Instead of there being loads of games that are dirt cheap, there are now loads of games that are seemingly made of solid Gold, because who the hell would spend £47 on the new Battlefield? 47 boffing quid on a 4-hour campaign, a handful of maps, and some new skins? Same with the new Call of Duty. Same with Dead Space 3. We spent £40 on your game, now you want us to pay more money for some skins? How do they get away with doing this? How do people not even have a problem with this? A cheap way of making a game last longer is multiplayer. So now all games have to have multiplayer as a default tickbox. Look at Spec Ops: The Line's multiplayer that was shoe-horned in that nobody played and that even the lead designer called a 'cancerous growth'. Look at the unnecessary DRM on SimCity that everyone complained about and made the game near unplayable. Look at the marketplace for Diablo 3 that spawned Error 37 and that even the lead designer regrets it. Does no one see how the industries obsession with multiplayer is damaging the industry? I'm not going to solely lay the blame on the developers, as they're only making games that people want to make...or are they?

Story in games is now on a rise. Spec Ops: The Line started it in shooters, with a main character that became disturbed, deluded and traumatized in a radically different environment, which carried on into Far Cry 3 and the Tomb Raider reboot. Also with the Walking Dead and Journey, which received multiple Game of the Year awards and sold millions. Same with Bioshock Infinite, which dealt with many serious themes and ideas as well as selling 4 million and got a 93 on Metacritic. I may not think The Last of Us is gaming's Citizen Kane, but I certainly like what it tried to do. It had a strong female character, not a ditsy, skinny-waisted, large-breasted female stereotype like most female characters, it had an excellent environment and it had some well-written, truly believable scenes. It's not my game of the year, but it did sell loads and get the best scores of 2013 thusfar. Yet publishers are still churning out samey, greyish-brown shooters that don't sell and receive lukewarm reviews. Why? Why do they keep doing this? Do they think shoe-horning multiplayer and taking away parts of the game for cheap DLC will give them even more money? Because it bloody well won't, and it's up to us to make them realize that.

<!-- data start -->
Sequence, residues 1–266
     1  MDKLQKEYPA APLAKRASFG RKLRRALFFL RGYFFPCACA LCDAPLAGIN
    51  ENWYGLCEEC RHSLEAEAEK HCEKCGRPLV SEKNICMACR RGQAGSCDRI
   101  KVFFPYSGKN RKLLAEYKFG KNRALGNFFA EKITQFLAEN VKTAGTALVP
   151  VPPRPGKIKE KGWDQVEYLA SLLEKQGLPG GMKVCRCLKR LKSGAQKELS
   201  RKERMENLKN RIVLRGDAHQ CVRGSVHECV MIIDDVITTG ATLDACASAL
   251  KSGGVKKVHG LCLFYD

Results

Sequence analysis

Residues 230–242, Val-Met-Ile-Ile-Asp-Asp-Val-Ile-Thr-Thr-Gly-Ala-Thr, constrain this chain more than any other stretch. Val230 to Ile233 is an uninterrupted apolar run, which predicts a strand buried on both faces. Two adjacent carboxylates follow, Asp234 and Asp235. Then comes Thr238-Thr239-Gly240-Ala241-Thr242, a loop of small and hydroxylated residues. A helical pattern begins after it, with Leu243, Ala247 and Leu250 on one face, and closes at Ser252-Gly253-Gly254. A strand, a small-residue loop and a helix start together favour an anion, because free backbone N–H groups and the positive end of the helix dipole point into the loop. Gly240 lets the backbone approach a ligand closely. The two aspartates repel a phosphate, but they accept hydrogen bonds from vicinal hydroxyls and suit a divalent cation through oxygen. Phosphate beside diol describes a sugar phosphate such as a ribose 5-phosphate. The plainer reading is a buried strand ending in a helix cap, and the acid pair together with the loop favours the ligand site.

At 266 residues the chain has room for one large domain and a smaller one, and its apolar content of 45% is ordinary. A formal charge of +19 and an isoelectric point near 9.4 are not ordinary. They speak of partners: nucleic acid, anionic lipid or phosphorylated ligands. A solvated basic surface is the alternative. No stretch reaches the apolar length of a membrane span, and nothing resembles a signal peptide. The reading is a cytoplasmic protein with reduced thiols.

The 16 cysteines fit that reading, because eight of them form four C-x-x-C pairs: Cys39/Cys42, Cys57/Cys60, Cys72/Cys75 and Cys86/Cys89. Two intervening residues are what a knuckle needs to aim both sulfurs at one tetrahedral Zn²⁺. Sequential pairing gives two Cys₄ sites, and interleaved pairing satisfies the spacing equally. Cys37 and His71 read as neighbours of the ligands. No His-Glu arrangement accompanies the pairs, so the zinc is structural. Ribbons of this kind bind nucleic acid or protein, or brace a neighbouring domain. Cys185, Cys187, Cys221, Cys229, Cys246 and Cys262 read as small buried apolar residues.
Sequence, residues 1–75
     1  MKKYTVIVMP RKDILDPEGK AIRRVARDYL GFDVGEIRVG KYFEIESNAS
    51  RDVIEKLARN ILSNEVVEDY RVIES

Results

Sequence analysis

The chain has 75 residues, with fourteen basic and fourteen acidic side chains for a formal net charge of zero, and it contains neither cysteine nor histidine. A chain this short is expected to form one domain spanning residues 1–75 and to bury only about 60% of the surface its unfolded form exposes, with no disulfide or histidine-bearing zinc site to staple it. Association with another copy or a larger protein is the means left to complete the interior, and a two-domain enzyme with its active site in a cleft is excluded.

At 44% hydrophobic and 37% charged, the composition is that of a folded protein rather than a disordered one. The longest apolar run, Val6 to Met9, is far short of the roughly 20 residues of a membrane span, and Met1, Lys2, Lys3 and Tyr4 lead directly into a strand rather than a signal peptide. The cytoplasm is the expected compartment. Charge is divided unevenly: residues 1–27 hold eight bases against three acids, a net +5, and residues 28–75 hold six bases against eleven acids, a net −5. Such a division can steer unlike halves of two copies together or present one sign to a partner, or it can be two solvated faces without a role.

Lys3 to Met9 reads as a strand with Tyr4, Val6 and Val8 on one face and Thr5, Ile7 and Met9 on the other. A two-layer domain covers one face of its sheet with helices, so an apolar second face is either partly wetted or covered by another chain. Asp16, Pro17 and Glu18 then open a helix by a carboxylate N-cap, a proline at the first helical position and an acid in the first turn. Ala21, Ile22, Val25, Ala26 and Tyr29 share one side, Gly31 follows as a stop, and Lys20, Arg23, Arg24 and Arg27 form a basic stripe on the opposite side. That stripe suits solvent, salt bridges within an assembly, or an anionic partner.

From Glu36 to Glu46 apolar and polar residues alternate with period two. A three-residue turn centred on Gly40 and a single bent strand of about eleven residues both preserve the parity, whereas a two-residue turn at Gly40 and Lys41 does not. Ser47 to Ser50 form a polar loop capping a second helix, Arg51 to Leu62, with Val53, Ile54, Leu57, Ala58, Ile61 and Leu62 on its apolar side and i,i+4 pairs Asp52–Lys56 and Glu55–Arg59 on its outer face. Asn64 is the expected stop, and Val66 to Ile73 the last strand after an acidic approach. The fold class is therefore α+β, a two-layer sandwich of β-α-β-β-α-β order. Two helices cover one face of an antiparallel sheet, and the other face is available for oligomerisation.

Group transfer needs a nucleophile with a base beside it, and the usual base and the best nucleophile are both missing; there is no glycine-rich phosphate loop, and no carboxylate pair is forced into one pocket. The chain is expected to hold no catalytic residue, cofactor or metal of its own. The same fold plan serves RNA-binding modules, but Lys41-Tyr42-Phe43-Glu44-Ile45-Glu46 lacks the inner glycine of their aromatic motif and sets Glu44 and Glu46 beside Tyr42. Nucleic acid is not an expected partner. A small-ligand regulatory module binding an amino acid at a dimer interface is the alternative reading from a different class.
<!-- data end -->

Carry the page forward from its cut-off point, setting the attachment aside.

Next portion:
We are not robots that will automatically buy your *insert popular game here* clone. We are not the same audience we were in 1983, so stop treating us like it. We are entering a new age of gaming. Games go for the price of a burger on Humble Bundles, Steam Sales and the App Store, but the console market thinks 10% off Blood Dragon is a huge deal. Dead Space 3 and Battlefield 3 went on sale with many other games a few weeks ago, for an average price of $5, yet XBLA or PSN think £20 for Borderlands is a steal. When will this end? When the market crashes again? When people stop buying the regurgitated, overpriced, DRM-laden crap on consoles and the market then crashes? What then?

With the new consoles coming out, I am extremely wary of what the industry will become. Whether it will dwell in multiplayer-focused crap or evolve into a truly artistic medium. Whether our community will turn into a hellish, hostile environment of morons, or it will flourish into an educated, smart, analytic consumer-base. This is all up to us. Let us buy not the Call of Duty wannabees and the poorly made, greyish-brown conveyor-belt of creativity-emaciated cardboard boxes made multiplayer, but let us buy the story-driven, significant, deeper-than-a-tea-tray experiences that will resonate and be remembered in years to come. This can turn out positively if we divert out boffing £47 away from EA or Activision, and toward Valve or Telltale or Thatgamecompany. Let this not turn in to 1983.